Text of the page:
The moment I have in mind is October 24, 1922 in Naples, Italy. Addressing a mass rally of his Fascist followers, Benito Mussolini declared, “Either the government will be given to us, or we will seize it by marching on Rome.” It was enough. The prospect of blackshirted mobs rampaging through his capital frightened the King of Italy into appointing Mussolini prime minister. From there, it was a short step to his becoming Il Duce (The Leader)—a dictator with absolute power.
Although some have compared Donald Trump to Hitler, he more nearly resembles Mussolini.
The fate of Denmark’s Jews in October, 1943 was an anecdote in a sea of malice. My Danish friend Michael was on one of those boats, the ones wandering around in the Øresund on a dark night in October, lights out lest the Nazi patrols find them, and also lost in an autumn storm, headed possibly for Sweden, but also possibly to Poland or Germany itself.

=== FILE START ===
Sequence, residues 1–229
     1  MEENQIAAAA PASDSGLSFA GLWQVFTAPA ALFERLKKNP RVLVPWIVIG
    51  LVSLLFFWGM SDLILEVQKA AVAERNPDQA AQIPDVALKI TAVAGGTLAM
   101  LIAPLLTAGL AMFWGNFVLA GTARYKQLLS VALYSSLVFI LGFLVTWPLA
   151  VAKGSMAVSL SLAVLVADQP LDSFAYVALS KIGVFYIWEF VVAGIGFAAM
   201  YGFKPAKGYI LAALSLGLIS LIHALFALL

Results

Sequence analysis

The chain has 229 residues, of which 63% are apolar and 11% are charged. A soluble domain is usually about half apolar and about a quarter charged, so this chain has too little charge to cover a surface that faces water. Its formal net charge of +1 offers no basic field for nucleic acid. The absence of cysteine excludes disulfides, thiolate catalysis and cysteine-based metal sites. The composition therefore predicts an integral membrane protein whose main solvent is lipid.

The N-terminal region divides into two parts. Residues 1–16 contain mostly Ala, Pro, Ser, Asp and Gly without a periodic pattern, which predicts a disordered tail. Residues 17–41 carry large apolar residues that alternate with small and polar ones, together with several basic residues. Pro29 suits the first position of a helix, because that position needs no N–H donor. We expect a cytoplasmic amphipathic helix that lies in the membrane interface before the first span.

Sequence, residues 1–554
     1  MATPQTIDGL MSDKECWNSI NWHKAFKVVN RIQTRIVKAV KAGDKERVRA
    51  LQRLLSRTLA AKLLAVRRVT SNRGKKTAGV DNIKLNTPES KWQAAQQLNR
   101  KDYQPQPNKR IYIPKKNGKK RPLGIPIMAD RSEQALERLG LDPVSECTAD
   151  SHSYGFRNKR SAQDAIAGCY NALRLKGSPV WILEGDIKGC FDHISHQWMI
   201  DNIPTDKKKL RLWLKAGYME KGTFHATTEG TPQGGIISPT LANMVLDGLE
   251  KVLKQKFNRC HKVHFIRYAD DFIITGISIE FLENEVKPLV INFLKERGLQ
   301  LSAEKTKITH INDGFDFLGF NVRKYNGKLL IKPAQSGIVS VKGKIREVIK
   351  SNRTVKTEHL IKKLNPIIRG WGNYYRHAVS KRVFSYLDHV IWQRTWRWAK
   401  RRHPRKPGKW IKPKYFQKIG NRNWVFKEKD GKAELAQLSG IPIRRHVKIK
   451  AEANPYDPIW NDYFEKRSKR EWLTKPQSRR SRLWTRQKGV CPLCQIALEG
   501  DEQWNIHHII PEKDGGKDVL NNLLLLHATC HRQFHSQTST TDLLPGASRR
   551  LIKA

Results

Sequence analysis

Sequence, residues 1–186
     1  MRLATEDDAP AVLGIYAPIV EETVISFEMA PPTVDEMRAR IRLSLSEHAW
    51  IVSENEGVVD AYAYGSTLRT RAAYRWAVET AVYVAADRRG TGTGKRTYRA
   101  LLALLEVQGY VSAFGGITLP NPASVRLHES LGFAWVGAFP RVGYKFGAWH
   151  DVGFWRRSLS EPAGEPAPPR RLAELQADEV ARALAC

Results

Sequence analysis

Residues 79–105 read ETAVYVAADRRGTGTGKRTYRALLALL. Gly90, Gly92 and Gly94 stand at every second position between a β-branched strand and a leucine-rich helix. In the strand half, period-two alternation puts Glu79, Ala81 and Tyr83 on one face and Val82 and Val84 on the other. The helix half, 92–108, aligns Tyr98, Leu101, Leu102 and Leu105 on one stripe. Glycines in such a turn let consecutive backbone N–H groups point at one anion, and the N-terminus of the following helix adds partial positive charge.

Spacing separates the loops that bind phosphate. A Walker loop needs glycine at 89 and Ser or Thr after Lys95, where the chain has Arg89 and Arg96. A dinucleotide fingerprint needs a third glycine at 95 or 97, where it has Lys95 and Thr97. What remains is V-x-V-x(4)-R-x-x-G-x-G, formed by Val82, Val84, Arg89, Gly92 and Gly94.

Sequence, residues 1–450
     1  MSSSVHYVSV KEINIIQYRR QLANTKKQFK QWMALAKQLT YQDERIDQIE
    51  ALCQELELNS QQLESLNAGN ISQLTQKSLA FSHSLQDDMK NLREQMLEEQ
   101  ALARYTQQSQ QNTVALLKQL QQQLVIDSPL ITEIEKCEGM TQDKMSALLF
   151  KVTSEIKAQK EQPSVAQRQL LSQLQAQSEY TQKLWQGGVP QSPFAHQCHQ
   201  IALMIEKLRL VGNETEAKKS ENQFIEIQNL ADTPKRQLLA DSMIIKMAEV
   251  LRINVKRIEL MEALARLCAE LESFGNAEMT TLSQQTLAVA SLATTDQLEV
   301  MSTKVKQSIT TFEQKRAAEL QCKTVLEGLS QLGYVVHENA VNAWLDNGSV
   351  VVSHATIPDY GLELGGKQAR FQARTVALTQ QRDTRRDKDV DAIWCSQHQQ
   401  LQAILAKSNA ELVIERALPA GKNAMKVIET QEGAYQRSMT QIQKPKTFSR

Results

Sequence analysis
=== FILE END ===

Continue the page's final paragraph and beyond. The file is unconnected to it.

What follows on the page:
Richard Wagner, the great German composer, was born two hundred years ago on May 22, 1813. Wagner was one of the most stupendous musical geniuses who ever lived. He was also a notorious anti-Semite. Even on his two hundredth birthday, there is no ignoring the dead elephant in his living room.
At the same time, to say that Wagner was an anti-Semite, and to say no more than that, is too simple. It is too simple because Wagner was very much a self-contradictory genius, and his contradictions extended to his attitude toward Jewish people.
Vienna. The Mozart impersonator hawking the evening’s classical concerts is decked out in a powdered wig, brocade coat, knee breeches and hose. But if you look closely, you will see that he is also wearing sneakers. Welcome to Vienna, a city of paradoxes. Continue reading Mozart in Sneakers→